Note that this section is bracketed by the word "humble" -- "humble yourself". Verses 7, 8 and 9 are essentially a description of how that humbling takes place. It begins by submitting ourselves to God. Are we willing to let God be God? Are we willing to let him do whatever he pleases? Can we submit to his program for our life and his way of working things out in it? Does God have that right? Doesn't God have the right to determine your circumstances, your marriage state, or your unmarried state, your health, your job situation? Isn't he the potter? And aren't we the clay?

One of the most powerful parables in the gospels is the story of the man who went into the marketplace and hired men to work in his vineyard. He went at six in the morning and hired some, went again at nine and hired others, and again at twelve, at three, and at five. In the evening he paid all his workers. When they came for the accounting they all received the same wage. Each received a day's wages, as agreed. Those who had borne the heat and the burden of the day were resentful. They said, "We should have had more. We had to work in the middle of the day when it was hot. We suffered. You are not being fair." But the husbandman said, "Don't I have the right to do as I please with my vineyard?" Doesn't God have that right? Certainly he does! And all we can do is to respond by saying, "Lord, you have that right," and then submit to him.

James says that by submitting to him we resist the Devil. The Devil's philosophy is, "Assert yourself." He is behind the world's philosophy. It was the Devil's desire for self-assertion which caused him to fall, and he is the one who has infected the human race with that attitude. It occurs to me that there are only two options in life. If we are submitting to God, then we are resisting the Devil. Or, we are submitting to the Devil, and thus we are resisting God. If we are submitting to God, the result will be peace and harmony. If we are submitting to the Devil, the result will be conflict and hostility.

The next step, James says, is to draw near to God and he will draw near to you. Start laying hold of his resources, He is the one who sustains us in any circumstance. You see, it may be his will not to remove the inhibiting factors, and thus to prevent you from realizing your desires. And yet in the midst of that frustrating circumstance he will give more grace. He supplies all that we need and ministers to us richly. He provides the strength and the patience to endure. James says that it is during these times, you draw near to God . . . he will draw near to you. You will find him faithful. He will never abandon you. He will provide everything you need.

Then he says that we must cleanse our minds and purify our hearts. He is speaking here of the attitudes and the actions which cause conflict. Start with your attitudes. "Purify your heart," i.e., let God deal with the inner man. And then "cleanse your hands", i.e., deal with the actions which cause dissension. Perhaps there is some restitution that you will have to make. Perhaps you need to declare a treaty with someone you have been waging war with. There may be other actions that you will have to take, but deal with the notions which have caused conflict.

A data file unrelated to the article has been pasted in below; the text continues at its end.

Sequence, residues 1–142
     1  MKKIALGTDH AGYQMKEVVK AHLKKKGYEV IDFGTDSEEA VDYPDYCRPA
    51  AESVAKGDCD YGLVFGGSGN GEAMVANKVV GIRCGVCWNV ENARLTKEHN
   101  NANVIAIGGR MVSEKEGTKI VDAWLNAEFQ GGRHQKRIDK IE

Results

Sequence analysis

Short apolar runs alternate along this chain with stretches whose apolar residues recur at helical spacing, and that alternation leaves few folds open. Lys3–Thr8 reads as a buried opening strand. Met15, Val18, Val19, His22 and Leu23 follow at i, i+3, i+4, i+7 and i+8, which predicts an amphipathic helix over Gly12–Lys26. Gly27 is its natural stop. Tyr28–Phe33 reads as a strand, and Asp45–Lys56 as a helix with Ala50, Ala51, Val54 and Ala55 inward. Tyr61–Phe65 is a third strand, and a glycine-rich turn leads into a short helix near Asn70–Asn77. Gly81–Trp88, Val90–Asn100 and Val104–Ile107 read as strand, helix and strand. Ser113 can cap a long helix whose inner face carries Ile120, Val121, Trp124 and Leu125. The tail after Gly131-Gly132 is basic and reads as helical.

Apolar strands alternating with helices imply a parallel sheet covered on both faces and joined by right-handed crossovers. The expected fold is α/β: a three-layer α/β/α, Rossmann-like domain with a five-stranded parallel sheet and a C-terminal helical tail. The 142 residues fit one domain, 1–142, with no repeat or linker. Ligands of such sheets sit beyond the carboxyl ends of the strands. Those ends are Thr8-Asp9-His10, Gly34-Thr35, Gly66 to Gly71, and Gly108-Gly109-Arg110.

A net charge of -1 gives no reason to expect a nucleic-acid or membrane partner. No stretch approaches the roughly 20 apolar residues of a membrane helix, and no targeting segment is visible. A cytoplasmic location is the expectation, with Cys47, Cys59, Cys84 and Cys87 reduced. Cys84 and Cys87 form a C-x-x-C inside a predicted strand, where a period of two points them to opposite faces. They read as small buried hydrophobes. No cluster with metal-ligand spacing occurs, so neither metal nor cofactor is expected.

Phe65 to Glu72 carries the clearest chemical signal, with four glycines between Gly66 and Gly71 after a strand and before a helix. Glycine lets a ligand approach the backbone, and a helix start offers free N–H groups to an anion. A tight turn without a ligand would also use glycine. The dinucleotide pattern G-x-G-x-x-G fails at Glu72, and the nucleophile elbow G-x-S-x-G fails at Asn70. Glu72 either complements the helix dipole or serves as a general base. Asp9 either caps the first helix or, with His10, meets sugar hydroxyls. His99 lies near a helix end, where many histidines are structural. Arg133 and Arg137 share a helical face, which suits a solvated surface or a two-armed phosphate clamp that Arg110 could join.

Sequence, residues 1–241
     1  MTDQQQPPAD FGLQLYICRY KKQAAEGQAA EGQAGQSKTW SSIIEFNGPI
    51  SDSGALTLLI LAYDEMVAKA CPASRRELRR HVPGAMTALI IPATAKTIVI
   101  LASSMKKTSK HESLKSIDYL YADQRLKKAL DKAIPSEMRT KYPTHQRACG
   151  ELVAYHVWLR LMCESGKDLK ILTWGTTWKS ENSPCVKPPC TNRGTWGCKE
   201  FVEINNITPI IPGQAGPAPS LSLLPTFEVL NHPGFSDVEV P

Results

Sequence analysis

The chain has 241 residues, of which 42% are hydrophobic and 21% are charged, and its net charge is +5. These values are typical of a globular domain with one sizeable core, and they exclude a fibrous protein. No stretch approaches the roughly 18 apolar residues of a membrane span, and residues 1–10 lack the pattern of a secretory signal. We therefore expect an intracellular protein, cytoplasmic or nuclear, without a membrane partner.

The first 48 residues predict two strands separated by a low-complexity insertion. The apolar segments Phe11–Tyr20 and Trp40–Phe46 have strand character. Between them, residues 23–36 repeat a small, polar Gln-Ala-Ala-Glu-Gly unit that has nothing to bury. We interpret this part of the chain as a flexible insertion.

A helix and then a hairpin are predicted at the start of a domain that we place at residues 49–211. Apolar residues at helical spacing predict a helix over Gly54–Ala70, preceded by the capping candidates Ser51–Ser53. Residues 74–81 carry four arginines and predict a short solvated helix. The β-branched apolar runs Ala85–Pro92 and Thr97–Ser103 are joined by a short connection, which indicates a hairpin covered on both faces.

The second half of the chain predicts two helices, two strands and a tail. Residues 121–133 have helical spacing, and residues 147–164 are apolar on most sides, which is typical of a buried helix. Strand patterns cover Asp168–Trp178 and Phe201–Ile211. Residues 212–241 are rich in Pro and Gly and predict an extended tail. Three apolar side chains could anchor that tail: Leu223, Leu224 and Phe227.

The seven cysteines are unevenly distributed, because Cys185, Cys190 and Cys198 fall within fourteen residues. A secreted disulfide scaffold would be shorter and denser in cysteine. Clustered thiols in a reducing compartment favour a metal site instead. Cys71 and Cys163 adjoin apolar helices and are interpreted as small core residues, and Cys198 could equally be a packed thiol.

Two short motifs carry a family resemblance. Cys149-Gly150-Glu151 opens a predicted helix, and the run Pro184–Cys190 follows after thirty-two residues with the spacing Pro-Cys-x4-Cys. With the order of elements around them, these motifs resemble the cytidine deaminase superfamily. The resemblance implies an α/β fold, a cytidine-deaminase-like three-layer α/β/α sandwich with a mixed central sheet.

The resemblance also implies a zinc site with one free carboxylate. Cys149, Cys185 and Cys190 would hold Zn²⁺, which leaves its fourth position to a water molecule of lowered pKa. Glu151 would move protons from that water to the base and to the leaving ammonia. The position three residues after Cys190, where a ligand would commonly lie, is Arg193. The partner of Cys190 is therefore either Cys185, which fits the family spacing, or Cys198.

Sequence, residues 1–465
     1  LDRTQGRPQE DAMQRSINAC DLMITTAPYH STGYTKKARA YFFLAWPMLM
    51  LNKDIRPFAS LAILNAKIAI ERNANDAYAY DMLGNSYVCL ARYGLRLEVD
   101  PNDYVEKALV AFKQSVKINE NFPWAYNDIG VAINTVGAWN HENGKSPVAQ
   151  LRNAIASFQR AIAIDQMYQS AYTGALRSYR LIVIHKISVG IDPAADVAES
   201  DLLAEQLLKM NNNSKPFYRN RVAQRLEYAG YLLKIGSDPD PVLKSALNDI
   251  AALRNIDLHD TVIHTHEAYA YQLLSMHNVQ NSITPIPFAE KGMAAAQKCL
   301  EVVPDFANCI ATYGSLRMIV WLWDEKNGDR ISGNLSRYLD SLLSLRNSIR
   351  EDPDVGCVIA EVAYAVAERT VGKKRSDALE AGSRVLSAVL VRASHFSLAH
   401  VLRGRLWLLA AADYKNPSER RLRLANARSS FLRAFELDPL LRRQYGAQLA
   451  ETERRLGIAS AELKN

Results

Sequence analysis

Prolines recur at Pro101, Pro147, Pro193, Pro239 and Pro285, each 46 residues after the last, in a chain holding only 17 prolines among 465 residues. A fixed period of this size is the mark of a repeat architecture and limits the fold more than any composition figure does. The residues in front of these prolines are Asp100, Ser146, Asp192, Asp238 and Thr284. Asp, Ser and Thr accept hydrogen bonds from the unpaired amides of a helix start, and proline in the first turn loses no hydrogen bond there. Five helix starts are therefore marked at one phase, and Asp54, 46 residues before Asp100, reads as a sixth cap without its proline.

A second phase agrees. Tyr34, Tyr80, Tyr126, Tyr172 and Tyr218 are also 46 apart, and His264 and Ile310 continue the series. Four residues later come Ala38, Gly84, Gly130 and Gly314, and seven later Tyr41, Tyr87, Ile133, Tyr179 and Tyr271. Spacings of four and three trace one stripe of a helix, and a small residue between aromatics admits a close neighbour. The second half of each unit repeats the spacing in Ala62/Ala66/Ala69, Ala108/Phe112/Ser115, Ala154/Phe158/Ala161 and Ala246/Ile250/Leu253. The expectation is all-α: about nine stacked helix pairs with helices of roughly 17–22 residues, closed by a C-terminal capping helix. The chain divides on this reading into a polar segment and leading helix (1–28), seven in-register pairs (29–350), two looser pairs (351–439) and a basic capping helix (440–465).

In verse 9 James says:

Be wretched and mourn and weep. Let your laughter be turned to mourning and your joy to dejection.

That is, take these faulty attitudes and actions seriously. Don't treat them lightly. An unjudged self-assertive attitude or action can touch off the most devastating conflict, So don't blithely dismiss this exhortation. This is not just good advice, not just a pleasant sentiment that he is expressing. We must let the Spirit of God deal with the attitudes and actions which cause conflict.

Finally, by way of summary, James says,

Humble yourselves before the Lord and He will exalt you.

Let him exalt you. Don't try to exalt yourself. In Philippians 2 Paul says of Jesus that, though he was in the form of God, he did not consider equality with God something to he forcibly retained, but instead he emptied himself and he took upon himself the form of a servant and was made in the likeness of men. And being found in fashion as a man, Paul says, he humbled himself and became obedient unto death, even the death on the cross. The Lord had to go to that place of death, and that is where we have to go.We have to be willing to take our most legitimate needs and desires and drives and ambitions and put them to death. Because Jesus was willing to do that, God has exalted him highly and has given Him the name which is above every name. The Father exalted him because he was willing to submit to the Father. And the Father will exalt us, if we are willing to submit to his will.

Father, we thank you for these mighty words from this chapter. We know that they are true. We thank you that you are a Father who pours out grace to us. You are the One who gives us the will and the power to submit our wills to you and accept whatever comes from your hand, Thank you, Lord, for that sense of exaltation and quietness of heart which comes from submitting to you, and humbling ourselves under your hand. We thank you in Christ's name, amen.

Catalog # 0475
Series: A Relief That Behaves
Message #5
January 30, 1972
David H. Roper